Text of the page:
6. Double Taps
When you fire two rounds back to back (called a split) as fast as possible, where do they end up on target? Your shots should be as close together as possible. It’s okay if they are within a couple of inches of each other, but more than that means you’ve got some work to do. Double taps show your weaknesses in recoil management and fundamentals. After you fire the first shot, you need to learn to let off the trigger, realign your sights on target, feel the two-stage trigger press again and fire as fast and accurately as possible. Double taps should not take more than half a second or be a deliberate shot. You’re working on your ability to shoot quickly and still hit your intended target twice.
Accuracy is one of the firearm skills that comes with time and mastering shooting fundamentals. Without accuracy, you are not prepared to shoot someone. In a self-defense scenario, you must be able to accurately fire a shot to neutralize the threat without injuring any innocent bystanders in the process. The only way to improve accuracy is with dry fire and live fire to put all the shooting fundamentals together for each shot. Then, do this at speed.
8. Moving and Shooting
You’re most likely to have to shoot on the move in a gunfight. Or, you may need to hit a moving threat. Just because you or the target is moving doesn’t mean you cannot make an accurate shot. One of the best ways to learn how to do this is to take a movement class with a firearms instructor or shoot a competition that requires movement, such as USPSA or IDPA. Another good way to work up to this is by shooting sporting clays, trap, or skeet, so your eyes learn to follow a moving target and continue with it upon firing.
9. Breath Control
You should never hold your breath when shooting. Your body will never be at rest, and you can’t hold your breath forever, so learning how to breathe and shoot simultaneously is essential. Learning how to make accurate shots when your heart rate is both low and high is good preparation for any scenario you may find yourself in. Practice running or increasing your heart rate and double-tap a target while breathing through it. Once again, a shooting competition can help you learn how to put all your firearm skills together and to the test. Your breath control, accuracy, trigger press, draw, and more all go into competitive shooting.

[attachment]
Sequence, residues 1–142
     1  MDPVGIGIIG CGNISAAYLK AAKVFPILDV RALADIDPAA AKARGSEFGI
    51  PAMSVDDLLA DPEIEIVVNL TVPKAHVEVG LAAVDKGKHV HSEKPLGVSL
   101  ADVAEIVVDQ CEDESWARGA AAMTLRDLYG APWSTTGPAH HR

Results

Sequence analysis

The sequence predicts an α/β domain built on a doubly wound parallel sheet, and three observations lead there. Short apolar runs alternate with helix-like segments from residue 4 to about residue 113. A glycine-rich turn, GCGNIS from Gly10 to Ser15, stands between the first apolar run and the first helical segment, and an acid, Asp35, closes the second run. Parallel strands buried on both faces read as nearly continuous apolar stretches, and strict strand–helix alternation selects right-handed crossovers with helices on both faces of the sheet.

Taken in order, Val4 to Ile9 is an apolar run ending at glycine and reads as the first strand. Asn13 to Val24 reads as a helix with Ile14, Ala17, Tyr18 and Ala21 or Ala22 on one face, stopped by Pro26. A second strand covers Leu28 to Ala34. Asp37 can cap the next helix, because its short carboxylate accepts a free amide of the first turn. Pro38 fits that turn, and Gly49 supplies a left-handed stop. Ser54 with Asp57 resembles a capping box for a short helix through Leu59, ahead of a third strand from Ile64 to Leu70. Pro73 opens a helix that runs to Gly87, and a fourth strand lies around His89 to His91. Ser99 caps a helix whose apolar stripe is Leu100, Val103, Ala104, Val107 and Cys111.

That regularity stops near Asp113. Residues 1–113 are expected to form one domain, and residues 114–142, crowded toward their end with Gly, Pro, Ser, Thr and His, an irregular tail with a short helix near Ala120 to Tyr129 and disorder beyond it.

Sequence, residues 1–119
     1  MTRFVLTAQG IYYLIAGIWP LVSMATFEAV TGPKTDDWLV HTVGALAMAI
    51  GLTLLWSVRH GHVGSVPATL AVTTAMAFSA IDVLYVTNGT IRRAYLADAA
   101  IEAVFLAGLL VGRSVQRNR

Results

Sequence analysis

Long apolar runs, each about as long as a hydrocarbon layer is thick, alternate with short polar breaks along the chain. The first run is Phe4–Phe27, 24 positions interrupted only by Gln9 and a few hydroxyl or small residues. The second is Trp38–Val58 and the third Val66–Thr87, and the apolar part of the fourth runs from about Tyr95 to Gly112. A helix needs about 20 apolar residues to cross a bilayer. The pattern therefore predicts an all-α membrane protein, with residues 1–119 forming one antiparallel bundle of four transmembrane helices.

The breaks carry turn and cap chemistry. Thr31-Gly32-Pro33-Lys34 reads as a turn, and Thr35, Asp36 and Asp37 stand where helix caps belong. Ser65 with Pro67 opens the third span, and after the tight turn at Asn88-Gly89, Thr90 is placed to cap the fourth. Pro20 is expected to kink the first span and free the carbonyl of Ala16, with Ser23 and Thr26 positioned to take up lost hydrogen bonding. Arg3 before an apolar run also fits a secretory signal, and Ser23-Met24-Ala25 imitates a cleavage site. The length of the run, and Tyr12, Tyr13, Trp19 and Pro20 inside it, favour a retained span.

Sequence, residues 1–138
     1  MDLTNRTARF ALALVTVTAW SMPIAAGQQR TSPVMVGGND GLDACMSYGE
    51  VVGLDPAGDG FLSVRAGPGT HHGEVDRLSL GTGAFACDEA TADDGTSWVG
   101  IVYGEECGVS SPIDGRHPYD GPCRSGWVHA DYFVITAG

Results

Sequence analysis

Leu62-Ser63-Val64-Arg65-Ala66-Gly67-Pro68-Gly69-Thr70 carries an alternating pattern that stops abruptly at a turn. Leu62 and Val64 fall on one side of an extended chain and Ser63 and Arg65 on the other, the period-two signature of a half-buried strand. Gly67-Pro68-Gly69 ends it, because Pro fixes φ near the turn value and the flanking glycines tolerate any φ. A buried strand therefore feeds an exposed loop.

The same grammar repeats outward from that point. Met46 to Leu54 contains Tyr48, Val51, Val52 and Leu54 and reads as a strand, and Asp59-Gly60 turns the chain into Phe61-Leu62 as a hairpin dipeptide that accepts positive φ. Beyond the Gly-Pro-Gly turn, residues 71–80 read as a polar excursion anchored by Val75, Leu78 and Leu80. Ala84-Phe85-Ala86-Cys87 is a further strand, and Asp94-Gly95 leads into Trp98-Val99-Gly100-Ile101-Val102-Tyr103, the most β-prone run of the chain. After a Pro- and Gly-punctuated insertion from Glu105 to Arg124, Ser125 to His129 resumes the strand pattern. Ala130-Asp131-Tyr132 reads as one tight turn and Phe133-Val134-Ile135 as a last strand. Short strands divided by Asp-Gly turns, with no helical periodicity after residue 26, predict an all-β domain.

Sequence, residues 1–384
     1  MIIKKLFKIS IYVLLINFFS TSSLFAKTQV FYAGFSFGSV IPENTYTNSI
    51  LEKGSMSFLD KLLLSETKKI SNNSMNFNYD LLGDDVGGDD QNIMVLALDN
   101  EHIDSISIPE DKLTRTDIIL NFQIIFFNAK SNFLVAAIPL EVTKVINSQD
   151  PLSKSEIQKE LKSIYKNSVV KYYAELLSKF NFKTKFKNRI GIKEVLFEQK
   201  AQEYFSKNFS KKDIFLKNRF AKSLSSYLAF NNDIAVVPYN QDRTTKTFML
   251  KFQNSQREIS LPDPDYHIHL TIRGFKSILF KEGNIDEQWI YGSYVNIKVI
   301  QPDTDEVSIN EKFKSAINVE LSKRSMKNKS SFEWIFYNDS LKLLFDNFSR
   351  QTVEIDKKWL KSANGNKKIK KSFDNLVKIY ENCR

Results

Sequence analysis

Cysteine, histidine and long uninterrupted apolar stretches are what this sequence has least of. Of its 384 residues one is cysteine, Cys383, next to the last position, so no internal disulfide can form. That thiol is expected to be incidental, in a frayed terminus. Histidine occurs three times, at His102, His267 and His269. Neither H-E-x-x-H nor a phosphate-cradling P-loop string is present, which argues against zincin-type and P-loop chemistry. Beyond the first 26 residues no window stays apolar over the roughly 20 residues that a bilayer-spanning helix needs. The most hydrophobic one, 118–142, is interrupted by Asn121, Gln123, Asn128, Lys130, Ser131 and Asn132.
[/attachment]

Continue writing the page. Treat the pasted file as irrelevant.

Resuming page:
10. Throttle Control
Throttle control is your ability to shoot fast splits on easy or close-up targets and then slow down when you need to make a longer or more difficult shot. Think about any movie you’ve seen when the bad guy grabs an innocent person, points a gun at their head, and uses the hostage as a shield. It is possible to shoot the attacker without causing any injury to the hostage, but only if you have visual patience to make the accurate shot. You will never shoot a 5-yard target as fast as you do a 30-yard target (or if you do, you’re a World Champion shooter). Learn to respect more challenging targets with proper fundamentals and speed up on close or easy targets that you can neutralize quickly.
It’s crucial now more than ever to learn to be proficient with a firearm. Make 2022 the year you work on improving your firearm skills and maybe even teaching someone else how to improve as well.
ABOUT THE AUTHOR
Kenzie Fitzpatrick is a professional competitive shooter and an active blogger for many firearm websites. As an NRA-certified instructor and National Range Officer Institute Chief Range Officer, Kenzie trains new shooters on basic firearm safety, brings new shooters to competitive shooting, and works major matches across the country. She has a passion for teaching people how to concealed carry and is a positive ambassador for the Second Amendment.
©MTC Holsters, LLC and CrossBreed Holsters Blog, 2021.